When it’s Good to be Critical

Using Evidence Based Practice at Aimia

 


 

people-woman-coffee-meeting

 

“Evidence Based Practice takes time.  It’s complicated and, sometimes, you end up with the same solution that you would have got to without trying.” 

 

That was the ‘inspiring’ message given to us on our last away day as a department.  About once a year the Talent and Culture team head out of the office for a few days to learn about new approaches to people and performance (as well as bond over a few glasses of wine and some terrible dance moves).  This year, we took over a huge country house in Suffolk and set about learning the basics of Evidence Based Practice, or EBP.

EBP started in the field of medicine and was essentially a safeguard against individuals carrying out procedures that they thought would work because they had done in the past, without basing this knowledge on any collective body of scientific evidence.  We all agreed that EBP in medicine was a good thing: before we go in for an operation, we want to know that the surgeon has done their homework and isn’t just relying on their own experience of this procedure working.   However, applying these principles in HR quite frankly sounded like it would be a lot of work.

Yet the more we thought about it, the more we realised that HR departments can have an understandable tendency to react quickly to problems and reach for the metaphorical sticking plaster, rather than investigate the underlying issues.  We learnt about the importance of collecting information from 4 sources (practitioners, stakeholders, data from the organisation and scientific literature) and how to critically evaluate this information.  By taking some time to reframe problems posed to us from areas of the business and considering these ‘4 sources’ we began to see that not simply going for the-most-obvious-solution-that-seemed-to-work-at-your-last-company might result in better outcomes.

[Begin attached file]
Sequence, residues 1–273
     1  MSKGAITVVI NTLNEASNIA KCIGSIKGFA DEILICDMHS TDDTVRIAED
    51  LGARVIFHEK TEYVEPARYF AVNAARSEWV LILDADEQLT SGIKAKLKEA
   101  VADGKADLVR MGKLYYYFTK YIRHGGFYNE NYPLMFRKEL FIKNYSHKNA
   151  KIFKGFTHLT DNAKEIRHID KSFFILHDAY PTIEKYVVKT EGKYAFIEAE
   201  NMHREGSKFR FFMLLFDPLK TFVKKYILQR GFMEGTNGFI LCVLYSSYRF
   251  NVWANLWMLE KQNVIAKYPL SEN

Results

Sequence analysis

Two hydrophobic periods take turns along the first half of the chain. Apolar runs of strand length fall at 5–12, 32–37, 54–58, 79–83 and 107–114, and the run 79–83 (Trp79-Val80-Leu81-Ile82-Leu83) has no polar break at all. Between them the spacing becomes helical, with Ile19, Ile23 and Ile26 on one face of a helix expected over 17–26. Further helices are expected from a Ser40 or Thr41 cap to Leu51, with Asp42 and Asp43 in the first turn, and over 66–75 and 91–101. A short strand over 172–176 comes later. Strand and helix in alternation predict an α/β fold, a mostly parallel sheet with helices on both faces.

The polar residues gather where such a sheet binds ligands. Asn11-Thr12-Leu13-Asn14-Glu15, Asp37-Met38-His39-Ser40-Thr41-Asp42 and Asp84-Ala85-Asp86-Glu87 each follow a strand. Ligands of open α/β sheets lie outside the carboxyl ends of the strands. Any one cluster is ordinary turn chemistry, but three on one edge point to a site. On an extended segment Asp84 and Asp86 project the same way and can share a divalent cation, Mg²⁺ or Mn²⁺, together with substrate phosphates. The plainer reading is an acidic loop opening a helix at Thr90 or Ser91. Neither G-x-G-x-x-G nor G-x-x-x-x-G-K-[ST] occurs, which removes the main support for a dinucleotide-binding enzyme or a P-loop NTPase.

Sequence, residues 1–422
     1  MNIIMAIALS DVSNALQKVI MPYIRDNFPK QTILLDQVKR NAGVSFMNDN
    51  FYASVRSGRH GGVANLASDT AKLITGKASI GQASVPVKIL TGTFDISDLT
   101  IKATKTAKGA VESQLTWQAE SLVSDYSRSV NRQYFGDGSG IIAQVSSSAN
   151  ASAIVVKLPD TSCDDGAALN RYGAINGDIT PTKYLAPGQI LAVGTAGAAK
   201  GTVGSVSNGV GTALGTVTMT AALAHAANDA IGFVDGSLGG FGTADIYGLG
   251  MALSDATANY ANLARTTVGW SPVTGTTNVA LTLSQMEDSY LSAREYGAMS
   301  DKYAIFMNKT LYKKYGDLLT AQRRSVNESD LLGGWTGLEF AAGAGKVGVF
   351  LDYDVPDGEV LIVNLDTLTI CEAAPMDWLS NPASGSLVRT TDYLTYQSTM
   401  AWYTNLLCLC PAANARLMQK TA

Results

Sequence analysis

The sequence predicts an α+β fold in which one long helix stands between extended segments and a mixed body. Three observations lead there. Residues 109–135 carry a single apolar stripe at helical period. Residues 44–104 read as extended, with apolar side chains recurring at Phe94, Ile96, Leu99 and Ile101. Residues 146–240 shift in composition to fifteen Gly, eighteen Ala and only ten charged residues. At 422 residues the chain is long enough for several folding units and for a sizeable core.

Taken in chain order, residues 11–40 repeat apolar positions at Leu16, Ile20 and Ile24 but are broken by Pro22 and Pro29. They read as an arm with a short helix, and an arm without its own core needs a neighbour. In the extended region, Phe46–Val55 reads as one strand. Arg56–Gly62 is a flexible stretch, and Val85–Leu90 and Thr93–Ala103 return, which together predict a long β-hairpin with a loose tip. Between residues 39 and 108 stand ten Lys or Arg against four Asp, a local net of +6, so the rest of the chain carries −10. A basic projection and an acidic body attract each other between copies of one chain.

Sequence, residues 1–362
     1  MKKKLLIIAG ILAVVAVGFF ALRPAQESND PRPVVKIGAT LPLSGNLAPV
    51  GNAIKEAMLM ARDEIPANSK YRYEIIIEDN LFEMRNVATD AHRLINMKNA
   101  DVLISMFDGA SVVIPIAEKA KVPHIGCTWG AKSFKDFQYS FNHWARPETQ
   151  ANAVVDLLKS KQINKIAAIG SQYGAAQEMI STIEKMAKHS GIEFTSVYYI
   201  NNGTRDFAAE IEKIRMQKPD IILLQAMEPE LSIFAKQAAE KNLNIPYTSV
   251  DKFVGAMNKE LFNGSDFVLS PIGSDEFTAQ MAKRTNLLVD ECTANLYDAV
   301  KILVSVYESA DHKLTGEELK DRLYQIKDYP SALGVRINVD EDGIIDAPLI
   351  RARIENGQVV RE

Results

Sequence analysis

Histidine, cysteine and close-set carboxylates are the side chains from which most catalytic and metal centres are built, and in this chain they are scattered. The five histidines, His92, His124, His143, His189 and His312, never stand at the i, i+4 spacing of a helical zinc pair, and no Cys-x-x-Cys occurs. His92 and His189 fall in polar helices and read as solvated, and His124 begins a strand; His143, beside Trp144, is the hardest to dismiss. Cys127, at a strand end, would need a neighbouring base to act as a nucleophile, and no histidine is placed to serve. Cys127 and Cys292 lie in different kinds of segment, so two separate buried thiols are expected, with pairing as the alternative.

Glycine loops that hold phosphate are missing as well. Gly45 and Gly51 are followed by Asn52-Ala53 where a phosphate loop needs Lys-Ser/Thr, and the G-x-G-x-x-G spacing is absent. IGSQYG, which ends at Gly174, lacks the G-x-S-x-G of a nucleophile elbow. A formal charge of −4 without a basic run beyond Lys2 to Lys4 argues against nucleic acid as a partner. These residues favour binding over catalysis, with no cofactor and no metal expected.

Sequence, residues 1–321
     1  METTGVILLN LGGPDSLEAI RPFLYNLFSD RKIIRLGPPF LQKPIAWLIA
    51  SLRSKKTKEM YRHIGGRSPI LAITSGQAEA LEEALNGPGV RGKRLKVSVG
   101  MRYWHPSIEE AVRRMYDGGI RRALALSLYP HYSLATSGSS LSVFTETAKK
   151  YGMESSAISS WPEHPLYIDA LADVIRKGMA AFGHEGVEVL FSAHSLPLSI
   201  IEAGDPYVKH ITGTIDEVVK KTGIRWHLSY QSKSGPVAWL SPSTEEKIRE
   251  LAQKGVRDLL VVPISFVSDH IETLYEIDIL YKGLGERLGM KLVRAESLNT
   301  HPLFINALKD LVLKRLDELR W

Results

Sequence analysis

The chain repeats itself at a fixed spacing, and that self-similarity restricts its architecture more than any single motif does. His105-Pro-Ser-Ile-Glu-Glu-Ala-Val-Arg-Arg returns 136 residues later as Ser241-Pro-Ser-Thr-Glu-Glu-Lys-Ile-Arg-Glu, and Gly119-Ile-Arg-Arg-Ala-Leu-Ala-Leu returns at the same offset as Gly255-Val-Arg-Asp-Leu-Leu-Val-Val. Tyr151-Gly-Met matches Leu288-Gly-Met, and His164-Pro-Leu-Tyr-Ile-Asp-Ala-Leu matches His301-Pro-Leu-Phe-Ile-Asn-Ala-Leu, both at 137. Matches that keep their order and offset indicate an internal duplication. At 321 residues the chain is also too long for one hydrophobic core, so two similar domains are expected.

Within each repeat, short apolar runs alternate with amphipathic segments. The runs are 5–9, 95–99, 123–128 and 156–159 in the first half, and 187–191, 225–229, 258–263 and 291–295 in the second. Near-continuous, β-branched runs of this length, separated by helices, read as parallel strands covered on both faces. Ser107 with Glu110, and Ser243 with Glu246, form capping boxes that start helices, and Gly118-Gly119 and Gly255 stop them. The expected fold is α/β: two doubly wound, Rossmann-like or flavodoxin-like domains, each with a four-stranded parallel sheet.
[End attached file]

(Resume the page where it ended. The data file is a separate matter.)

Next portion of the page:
You’ll be happy to know that the ‘inspiring’ talk at our away day took a turn for the positive.   EBP does take time but it’s undoubtedly worth it.  While we are (thankfully) not in the business of performing life-saving operations the stakes are still high and the budgets assigned to projects dealing with ‘people issues’ are higher still.  We have already started using EBP principles across the business, in projects ranging from recruitment to diversity and inclusion.  As an analytical company, stakeholders we have engaged with through the projects have appreciated the process and understand the benefits.  It might take a bit more time to answer questions this way, but it ultimately results in outcomes that are more likely to be successful and has the added benefit of giving us more credibility as a department.  You can’t embark on a full-scale research project for every issue raised, but the process has taught us to think more critically about the solutions we suggest.  Even in reactive, time-pressured situations, we can still consider alternative solutions for problems we think we have seen before.

 

 

‘When it’s Good to be Critical’
written by Madeleine Scott,
Talent Development Manager at Aimia

 

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